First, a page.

SAN FRANCISCO — Eight states on the East and West coasts released a plan Thursday for working together to put 3.3 million zero-emission vehicles on the nation's roads by 2025.
The so-called "action plan" follows last year's memorandum of understanding announced by the governors of the states, including California and New York.
The other states in the pact are Massachusetts, Maryland, Oregon, Connecticut, Rhode Island and Vermont. The states represent about 23 percent of the U.S. auto market.
Car manufacturers applauded the action plan but said a lot of work needs to be done to meet the 3.3 million goal with zero-emission vehicles making up less than a percent of nationwide new car sales.
"Automakers have invested billions of dollars in these technologies, so we have a huge stake in selling as many as possible" said Gloria Bergquist, vice president of the Alliance of Automobile Manufacturers in Washington, which represents General Motors and 11 other carmakers.
"We still have a steep climb. But we're increasingly headed in the right direction."
The states vow to cut red tape to allow for quick construction of charging stations and other infrastructure needed to grow the market for plug-in hybrids, battery powered cars and other clean-burning vehicles.
The plan includes other measures to make the cars more attractive to consumers — like creating incentives for workplace charging stations.
"Today, we're putting a foot on the pedal to get more clean cars on the road," California Gov. Jerry Brown, said in a news release. "This is real action to reduce greenhouse gas emissions."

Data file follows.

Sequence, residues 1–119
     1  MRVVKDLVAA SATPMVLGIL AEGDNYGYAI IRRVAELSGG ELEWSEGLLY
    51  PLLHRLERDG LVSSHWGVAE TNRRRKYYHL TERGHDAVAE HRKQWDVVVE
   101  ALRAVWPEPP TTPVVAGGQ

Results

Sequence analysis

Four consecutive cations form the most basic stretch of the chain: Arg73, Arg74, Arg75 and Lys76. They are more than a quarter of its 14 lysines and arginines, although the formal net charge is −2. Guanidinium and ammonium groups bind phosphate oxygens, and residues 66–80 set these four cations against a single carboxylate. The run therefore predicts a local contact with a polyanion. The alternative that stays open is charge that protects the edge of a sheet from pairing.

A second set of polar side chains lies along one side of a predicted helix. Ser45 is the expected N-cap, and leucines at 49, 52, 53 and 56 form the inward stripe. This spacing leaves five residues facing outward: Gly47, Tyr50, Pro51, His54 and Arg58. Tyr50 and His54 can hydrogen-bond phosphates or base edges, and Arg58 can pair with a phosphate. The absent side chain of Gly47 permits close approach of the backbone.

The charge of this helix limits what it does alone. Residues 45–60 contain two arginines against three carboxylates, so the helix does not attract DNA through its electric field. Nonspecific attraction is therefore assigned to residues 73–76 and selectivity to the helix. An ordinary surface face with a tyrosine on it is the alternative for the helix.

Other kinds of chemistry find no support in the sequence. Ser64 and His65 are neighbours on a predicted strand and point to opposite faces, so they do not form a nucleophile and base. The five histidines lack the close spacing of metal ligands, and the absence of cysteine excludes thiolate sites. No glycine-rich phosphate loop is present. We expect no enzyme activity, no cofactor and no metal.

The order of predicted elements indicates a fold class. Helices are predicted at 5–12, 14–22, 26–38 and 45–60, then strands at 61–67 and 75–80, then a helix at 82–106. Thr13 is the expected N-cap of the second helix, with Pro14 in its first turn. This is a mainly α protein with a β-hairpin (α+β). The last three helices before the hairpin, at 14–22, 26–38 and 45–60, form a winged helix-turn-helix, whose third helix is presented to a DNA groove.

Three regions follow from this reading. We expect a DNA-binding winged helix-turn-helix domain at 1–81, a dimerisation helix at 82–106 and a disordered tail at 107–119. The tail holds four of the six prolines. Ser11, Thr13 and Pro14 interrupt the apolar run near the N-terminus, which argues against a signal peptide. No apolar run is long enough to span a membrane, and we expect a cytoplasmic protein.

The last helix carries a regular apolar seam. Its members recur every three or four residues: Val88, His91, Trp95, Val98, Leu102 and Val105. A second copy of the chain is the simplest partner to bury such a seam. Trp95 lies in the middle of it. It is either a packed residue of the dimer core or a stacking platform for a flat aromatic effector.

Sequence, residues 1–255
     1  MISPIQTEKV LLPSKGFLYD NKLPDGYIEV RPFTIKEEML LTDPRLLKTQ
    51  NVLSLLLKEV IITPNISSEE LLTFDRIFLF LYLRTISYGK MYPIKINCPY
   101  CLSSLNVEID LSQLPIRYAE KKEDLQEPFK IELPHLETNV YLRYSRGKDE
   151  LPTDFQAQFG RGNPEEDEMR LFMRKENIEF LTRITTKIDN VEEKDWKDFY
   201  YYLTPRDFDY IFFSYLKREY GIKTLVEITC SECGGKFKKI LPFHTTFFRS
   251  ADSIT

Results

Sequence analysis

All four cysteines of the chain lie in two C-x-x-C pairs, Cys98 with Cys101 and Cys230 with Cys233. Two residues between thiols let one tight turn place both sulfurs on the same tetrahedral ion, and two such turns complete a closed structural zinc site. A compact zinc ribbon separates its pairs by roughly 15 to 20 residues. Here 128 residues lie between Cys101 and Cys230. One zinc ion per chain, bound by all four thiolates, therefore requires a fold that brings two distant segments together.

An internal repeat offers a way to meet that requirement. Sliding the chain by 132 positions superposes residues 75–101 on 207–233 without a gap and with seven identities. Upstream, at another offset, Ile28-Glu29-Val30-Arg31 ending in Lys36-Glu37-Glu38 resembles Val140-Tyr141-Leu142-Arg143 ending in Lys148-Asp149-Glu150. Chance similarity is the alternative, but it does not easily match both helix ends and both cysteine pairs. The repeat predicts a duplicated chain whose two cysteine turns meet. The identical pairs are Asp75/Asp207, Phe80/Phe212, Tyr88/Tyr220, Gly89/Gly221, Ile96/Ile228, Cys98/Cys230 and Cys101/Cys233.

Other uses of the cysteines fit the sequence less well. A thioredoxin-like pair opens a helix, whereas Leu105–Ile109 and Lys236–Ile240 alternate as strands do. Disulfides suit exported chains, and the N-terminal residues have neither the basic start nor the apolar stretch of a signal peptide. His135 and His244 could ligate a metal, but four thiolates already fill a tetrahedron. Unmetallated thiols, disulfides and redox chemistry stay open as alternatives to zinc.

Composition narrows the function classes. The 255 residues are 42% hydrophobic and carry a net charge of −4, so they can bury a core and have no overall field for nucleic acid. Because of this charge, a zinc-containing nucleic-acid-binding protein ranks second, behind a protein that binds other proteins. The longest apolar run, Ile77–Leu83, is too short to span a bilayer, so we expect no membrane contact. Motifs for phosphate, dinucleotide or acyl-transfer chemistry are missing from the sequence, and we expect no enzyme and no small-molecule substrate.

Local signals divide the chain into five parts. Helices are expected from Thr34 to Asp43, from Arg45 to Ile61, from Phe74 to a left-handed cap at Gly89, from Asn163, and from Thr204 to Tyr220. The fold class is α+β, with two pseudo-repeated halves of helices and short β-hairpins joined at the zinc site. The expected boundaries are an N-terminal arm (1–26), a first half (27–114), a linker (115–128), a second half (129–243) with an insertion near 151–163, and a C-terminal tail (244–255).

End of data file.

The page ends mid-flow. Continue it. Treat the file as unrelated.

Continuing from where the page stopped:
The agreement requires no specific financial commitment from each state. But each has ambitious clean car goals, so the idea is to share information and collaborate to smooth the path forward.
For example, the states are working as a group to improve signage for electric vehicle charging station's on federal highways.
"One thing you find when you drive an EV as I do is that there are a lot of different signs telling people where there's charging stations," said Mary Nichols, chairwoman of California's Air Resources Board. "(Better signage) will help smooth the way for drivers who buy these great vehicles."
Automakers and dealers have said consumers are not fully embracing electric vehicles due to a lack of charging stations and the cost of cleaner-burning vehicles that is often higher than traditional models.
In 2013, zero-emission vehicles made up less than 1 percent of total U.S. auto sales, just more than 96,000 of the 15.5 million vehicles sold, the automakers' group reported.
The multistate effort could help improve those numbers by quickly increasing the amount of hydrogen fueling and charging stations in states with a lot of cars.
"Putting 3.3 million ZEVs on the roads of Oregon and our partner states in the next 11 years requires both collaboration and action," Oregon Gov. John Kitzhaber, said in the release. "This action plan gives Oregon and other partner states specific next steps to not only build on and expand current efforts, but to see them through."